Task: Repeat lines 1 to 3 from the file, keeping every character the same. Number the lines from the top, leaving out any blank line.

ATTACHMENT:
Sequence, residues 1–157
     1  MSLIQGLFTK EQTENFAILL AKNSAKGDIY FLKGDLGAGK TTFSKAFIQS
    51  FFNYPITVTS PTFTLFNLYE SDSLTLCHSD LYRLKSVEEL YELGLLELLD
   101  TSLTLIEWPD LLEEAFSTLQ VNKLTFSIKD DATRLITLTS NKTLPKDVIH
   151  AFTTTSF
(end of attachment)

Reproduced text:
Sequence, residues 1–157
     1  MSLIQGLFTK EQTENFAILL AKNSAKGDIY FLKGDLGAGK TTFSKAFIQS
    51  FFNYPITVTS PTFTLFNLYE SDSLTLCHSD LYRLKSVEEL YELGLLELLD